One of the core tenets of #GamerGate was getting the media to disclose ties and relationships to publishers, developers and subjects of their article and content. It’s been mocked by most media journalists who have oftentimes been found to have engaged in some form of corruption, but it’s a serious issue that a lot of gamers felt needed to be addressed, so much so that they even worked with the Federal Trade Commission to bring awareness to endorsements and disclosures within the gaming sphere. Well, Electronic Arts is jumping on board with a new mandate for content creators to disclose when they feature sponsored or promoted content from Electronic Arts.
German gaming journalist Thomas Ruscher posted a tweet about the announcement that was made recently over on the official EA German news site, letting the audience know that sponsored or promoted content now needs to be tagged on social media and in YouTube videos as #supportedbyEA or #advertisement.
— Thomas Ruscher (@ThomasRuscher) November 17, 2016
Ruscher made a post about the news over on NeoGaf, breaking down the new contracts that will require the disclosure of sponsored content; it’s been a request from #GamerGate and a requirement from the Federal Trade Commission.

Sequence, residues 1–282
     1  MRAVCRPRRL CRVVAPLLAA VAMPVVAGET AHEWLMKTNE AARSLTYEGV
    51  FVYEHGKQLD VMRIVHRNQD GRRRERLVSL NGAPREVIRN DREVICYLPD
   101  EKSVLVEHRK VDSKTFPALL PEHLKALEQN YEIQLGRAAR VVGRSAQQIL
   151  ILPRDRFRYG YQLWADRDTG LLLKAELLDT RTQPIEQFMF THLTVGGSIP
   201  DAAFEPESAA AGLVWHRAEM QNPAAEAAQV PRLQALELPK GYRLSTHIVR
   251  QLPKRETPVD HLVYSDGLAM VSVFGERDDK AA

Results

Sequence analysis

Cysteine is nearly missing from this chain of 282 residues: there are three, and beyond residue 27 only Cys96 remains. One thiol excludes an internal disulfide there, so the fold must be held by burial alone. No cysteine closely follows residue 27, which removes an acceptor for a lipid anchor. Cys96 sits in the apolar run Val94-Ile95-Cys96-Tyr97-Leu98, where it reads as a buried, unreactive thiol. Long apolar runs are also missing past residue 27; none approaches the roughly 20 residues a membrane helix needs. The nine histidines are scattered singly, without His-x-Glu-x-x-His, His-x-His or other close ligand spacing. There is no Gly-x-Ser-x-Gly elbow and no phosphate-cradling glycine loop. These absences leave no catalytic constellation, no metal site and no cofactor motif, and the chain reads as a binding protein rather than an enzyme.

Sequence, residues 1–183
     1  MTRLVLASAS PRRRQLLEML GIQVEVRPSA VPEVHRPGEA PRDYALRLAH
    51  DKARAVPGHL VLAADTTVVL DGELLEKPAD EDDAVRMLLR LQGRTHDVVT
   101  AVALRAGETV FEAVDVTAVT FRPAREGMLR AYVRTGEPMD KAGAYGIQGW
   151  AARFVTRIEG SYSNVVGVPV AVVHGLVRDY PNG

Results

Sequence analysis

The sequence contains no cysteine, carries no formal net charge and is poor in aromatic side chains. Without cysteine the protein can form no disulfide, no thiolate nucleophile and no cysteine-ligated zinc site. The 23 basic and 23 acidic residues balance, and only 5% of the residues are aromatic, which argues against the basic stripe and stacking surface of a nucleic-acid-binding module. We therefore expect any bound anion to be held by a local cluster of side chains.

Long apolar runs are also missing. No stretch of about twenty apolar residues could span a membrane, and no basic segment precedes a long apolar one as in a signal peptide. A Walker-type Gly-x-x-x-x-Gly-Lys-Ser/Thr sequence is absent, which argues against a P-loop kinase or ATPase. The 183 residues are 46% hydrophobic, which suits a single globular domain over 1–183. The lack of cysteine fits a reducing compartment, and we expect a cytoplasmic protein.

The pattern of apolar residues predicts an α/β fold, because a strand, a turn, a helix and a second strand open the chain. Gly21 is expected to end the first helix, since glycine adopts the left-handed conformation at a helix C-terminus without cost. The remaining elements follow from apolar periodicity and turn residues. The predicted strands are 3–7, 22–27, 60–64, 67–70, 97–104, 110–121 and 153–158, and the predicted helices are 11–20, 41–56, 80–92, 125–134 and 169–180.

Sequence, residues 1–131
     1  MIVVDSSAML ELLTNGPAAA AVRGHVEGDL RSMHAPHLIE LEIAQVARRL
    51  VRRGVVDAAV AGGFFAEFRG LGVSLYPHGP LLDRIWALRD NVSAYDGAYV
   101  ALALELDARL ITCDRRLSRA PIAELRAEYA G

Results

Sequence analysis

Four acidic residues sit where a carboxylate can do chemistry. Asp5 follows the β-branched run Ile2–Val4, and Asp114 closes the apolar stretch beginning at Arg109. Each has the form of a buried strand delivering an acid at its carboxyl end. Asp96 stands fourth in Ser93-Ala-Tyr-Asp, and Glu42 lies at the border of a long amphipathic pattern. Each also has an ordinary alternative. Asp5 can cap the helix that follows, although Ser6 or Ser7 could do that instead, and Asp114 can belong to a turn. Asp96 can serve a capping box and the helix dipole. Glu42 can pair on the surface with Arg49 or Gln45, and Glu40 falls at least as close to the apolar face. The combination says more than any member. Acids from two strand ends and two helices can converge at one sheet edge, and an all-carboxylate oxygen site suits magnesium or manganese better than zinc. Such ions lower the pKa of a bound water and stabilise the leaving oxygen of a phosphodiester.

Over on the news site EA explains what the two different types of hashtags represent and how they should be used to inform and disclose to viewers what the relationship is between the content creator and Electronic arts…
“#supportedbyEA – Covers all Content that EA has supported the creation or realization of, for example, invitations to EA events and shows and possibly the acquisition of travel expenses. However, for all content marked with #supportedbyEA, the viewer can be assured that EA has not made any editorial influence on the design of the content or made any specifications for the implementation. The content is independent, but the creation was supported by EA.
“#advertisement – Unlike supported by EA contributions are in posts with marked #advertisement to Content that EA could take editorial influence or content that EA itself has created.”
Seems simple enough. They even offered watermarked logos for content creators to use in order to notify viewers at the start of the content whether it’s sponsored or paid for content provided by Electronic Arts.
Following up on the EA Roku program where they were reported to the FTC along with Microsoft and Machinima during the XB1M13 scandal, it’s nice to see EA taking the ethical route with this new contract mandate. They don’t mention if this rule from EA Germany will apply to all of the international content creators working under EA since there’s no news about it on the English version of the site, but it could be coming later on down the road.
Overall it’s a good step toward being more open and abiding by federal standards when it comes to endorsements and sponsorships. It’s taken two years to fight to get to this point, but the battle for better ethics in media journalism continues to reap positive results.